The importance of the difference of these rates is apparent if we extend the comparison to the rifles of other countries. As regards muzzle velocity, the French, Austrian, Russian, and German rifles are all superior to the Martini-Henry, and all inferior to the Martini-Enfield. It is noticeable that the muzzle velocity of the French Gras, which is the lowest of the four, is higher by 100 feet per second than the muzzle velocity of the Martini-Henry; whereas the muzzle velocity of the German Mauser, which is the highest of the four, is lower – also by 100 feet a second – than the muzzle velocity of the Martini-Enfield. In all probability, the, raison d’être of the experimental bore is due to the growing conviction that the English bullet ought to leave the muzzle at least as quickly as the bullet of any infantry in Europe.

In order to take full advantage of superior muzzle velocity, it is absolutely essential that the bullet, when set in motion, should have itself the greatest possible power of maintaining velocity throughout its flight. This power depends on the relation – conveniently termed sectional density – which exists between the weight of the bullet and its diameter. In this respect the Martini-Henry bullet is superior to those of all the Continental rifles, but inferior to the new .40 inch bullet used with the Martini-Enfield. The new bullet has, in fact, a greater driving power in proportion to the surface directly opposed to the resistance of the air. From the combination of a vastly superior muzzle velocity with a most favourable sectional density, it follows, as a matter of course, that the new bullet – provided it has a rotation sufficient to ensure perfect stability – has a greater velocity, and consequently a flatter trajectory, throughout its entire flight than any other known infantry rifle. Stability of the bullet is ensured, and air-boring power still further augmented, by the increased rotation due to the higher muzzle velocity and the quicker twist of rifling. The Martini-Henry and Martini-Enfield bullets leave the barrel making respectively 720 and 1,250 revolutions per second. What does not follow as a matter of course is that, when the bore is reduced, the accuracy of shooting should remain unimpaired. Hitherto experience has shown that the quicker the twist and the smaller the bore, the greater the risk of unmanageable fouling and, if the fouling becomes excessive, the muzzle velocity will vary and the shooting will be uneven. But Enfield – if responsible for the cartridge as well as for the rifle – has been equal to the occasion. The modifications in the cartridge consequent upon the reduction of the bore appear to be perfectly successful. To begin with, a solid drawn cartridge case is for several reasons a great improvement. The freedom from fouling – due probably to an improved wad – is most marked. The amount of recoil is very much the same as with the Martini Henry – that is to say, if the rifle be held properly, it is insignificant. The accuracy of the Martini-Enfield at 1,000 yards is equal to the accuracy of the Martini-Henry at 500 yards. Beyond 1,000 yards no strict comparison appears to have been made. It would be interesting to the country at large, as well as to those more nearly concerned, if the accuracy figure of merit of both rifles could he taken at 1,500 and 2,000 yards with the same exactness as it has been taken at 500 and 1,000 yards. Perhaps the experimental range at Enfield does not admit of this and in any case a horizontal area, say a tide-washed sand, would probably afford the most convenient target for determining how closely the shots will group at extreme ranges. The Martini-Henry, in spite of its comparatively low muzzle velocity, and in virtue of its good sectional density, more than holds its own when compared with any of the foreign rifles for long range and accuracy. It would, therefore, be most satisfactory if the comparison between the two Martinis were made as complete as possible. The inference to be drawn would be direct and valuable. It is probable that the new bullet, which is comparatively light and long, would of the two be more affected by a side wind. This, as bearing on the possibility of any further reduction of bore, seems to be a most important point. At all events, the trials to be thoroughly instructive should be carried on in boisterous as well as in still weather.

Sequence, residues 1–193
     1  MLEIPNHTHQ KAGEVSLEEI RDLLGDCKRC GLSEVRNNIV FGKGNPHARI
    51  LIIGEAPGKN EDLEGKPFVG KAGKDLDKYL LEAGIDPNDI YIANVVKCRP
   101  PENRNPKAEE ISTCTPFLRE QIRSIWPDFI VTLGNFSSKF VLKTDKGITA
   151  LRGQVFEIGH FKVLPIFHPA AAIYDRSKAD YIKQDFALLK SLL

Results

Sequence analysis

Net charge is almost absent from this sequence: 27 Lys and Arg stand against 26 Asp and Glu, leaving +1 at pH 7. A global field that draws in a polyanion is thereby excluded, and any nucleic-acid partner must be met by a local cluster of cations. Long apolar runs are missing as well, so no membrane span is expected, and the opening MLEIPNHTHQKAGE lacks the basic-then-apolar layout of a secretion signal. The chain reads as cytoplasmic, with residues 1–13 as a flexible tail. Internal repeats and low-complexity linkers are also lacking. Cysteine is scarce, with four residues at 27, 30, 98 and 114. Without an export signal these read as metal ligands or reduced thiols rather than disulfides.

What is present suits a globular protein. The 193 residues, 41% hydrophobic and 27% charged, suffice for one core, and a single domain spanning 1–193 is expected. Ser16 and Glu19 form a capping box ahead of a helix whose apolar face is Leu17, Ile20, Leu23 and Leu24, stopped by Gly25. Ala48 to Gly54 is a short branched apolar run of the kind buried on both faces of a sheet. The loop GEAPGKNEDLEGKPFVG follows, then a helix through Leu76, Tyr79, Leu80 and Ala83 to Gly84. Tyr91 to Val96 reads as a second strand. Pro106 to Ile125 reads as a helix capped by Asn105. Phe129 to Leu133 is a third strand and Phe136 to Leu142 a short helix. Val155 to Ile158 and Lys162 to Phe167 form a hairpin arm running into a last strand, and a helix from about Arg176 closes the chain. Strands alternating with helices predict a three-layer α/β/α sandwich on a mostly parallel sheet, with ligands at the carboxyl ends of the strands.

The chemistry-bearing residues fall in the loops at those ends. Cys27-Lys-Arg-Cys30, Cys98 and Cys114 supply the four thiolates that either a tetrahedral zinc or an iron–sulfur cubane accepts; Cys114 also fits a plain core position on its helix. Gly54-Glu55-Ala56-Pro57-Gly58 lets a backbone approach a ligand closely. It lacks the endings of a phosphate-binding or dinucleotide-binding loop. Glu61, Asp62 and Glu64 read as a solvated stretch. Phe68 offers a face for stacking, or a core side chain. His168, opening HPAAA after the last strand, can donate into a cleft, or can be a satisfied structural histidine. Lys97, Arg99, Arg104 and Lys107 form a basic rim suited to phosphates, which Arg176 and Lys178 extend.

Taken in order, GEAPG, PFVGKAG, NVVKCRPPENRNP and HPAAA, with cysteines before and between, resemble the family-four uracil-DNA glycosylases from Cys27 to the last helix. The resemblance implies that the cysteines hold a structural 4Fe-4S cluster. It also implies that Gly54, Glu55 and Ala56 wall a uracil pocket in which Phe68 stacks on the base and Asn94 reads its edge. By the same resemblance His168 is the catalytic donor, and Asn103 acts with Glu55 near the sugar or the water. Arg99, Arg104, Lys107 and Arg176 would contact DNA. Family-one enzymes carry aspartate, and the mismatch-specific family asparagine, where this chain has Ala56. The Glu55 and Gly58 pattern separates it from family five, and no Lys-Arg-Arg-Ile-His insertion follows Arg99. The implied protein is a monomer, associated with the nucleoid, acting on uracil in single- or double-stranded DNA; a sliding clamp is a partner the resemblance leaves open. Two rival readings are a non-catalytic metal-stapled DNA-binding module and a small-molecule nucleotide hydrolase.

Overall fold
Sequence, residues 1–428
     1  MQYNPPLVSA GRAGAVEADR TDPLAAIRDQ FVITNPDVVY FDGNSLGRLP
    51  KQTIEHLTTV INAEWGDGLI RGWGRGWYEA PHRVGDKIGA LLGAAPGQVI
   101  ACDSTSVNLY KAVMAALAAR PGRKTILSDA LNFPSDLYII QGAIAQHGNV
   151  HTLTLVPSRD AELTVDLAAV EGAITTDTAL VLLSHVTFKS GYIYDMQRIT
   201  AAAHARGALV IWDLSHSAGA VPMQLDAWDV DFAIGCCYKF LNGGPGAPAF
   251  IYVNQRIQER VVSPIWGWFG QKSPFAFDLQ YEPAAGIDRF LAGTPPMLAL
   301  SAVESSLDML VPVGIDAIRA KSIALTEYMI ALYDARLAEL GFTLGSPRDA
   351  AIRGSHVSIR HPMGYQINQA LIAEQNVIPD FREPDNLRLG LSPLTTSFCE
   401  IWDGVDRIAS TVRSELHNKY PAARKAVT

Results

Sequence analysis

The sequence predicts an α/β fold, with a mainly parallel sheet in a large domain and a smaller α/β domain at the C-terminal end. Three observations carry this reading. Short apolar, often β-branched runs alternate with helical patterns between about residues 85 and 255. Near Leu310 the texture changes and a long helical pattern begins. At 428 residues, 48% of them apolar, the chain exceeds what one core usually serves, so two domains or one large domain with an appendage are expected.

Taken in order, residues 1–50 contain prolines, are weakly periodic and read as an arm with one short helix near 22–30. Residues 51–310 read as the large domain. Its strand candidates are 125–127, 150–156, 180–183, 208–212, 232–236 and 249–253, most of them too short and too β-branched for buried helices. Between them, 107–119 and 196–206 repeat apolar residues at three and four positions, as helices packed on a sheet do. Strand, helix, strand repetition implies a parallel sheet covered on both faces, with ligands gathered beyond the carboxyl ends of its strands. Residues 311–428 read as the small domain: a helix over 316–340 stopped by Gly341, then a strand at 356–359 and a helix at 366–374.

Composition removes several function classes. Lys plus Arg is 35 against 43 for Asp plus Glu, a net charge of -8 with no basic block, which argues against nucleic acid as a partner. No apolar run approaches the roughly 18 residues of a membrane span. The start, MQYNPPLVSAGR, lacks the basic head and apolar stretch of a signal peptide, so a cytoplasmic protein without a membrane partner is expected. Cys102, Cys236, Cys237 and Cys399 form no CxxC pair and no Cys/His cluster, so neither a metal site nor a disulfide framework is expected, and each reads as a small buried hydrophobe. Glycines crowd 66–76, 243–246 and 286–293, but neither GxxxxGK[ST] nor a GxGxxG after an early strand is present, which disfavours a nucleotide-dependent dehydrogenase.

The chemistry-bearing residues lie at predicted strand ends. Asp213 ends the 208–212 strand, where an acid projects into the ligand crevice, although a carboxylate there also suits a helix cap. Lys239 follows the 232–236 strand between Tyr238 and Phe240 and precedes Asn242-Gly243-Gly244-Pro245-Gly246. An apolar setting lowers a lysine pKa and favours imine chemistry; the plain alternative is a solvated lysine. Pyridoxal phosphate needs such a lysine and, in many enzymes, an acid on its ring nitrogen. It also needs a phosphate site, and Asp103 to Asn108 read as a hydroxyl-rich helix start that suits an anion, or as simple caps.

When it has been shown what can be done in this climate with a limited number of specially-made rounds, it will still remain to be seen what results can be obtained with ammunition which having been made in bulk and carried for a time in the pouches, is afterwards expended in contintious firing under an Indian sun. If under these conditions there is no appreciable diminution in the accuracy of shooting, the Martini-Enfield must in the fundamental matters of barrel and ammunition, and in the adaptation of each to the other, be pronounced a far more powerful rifle than the Martini-Henry.

On the other hand, the Martini-Enfield is heavier than the Martini-Henry. The weight of tbe stock and the exterior form of the barrel are the same in both, but the greater thickness of barrel in the case of the smaller bore causes a difference of six ounces in weight between the two patterns. It is urged at Enfield that, since the Martini-Enfield ammunition is round for round lighter than the present Martini-Henry ammunition, the weight of the new rifle and seventy rounds is not greater than that of the Martini-Henry with a like number of rounds. It must be recollected, however, that, while a soldier can never part with his rifle, more or less of his ammunition can on occasion be carried for him. That the outside of the new barrel is of the same dimensions as that of the Martini-Henry is probably due to economical reasons. Alterations in the shape and dimensions of a machine-made barrel would entail a corresponding change in the factory plant. Perhaps, too, the extra thickness of metal is conducive to good shooting. But on this head it may be said that there ought to be no room for surmise. It should in fact be positively determined by sheer experiment whether the new Martini-Enfield barrel cannot without any serious loss of accuracy in shooting be made as light, or even lighter, than the barrel of the service Martini-Henry.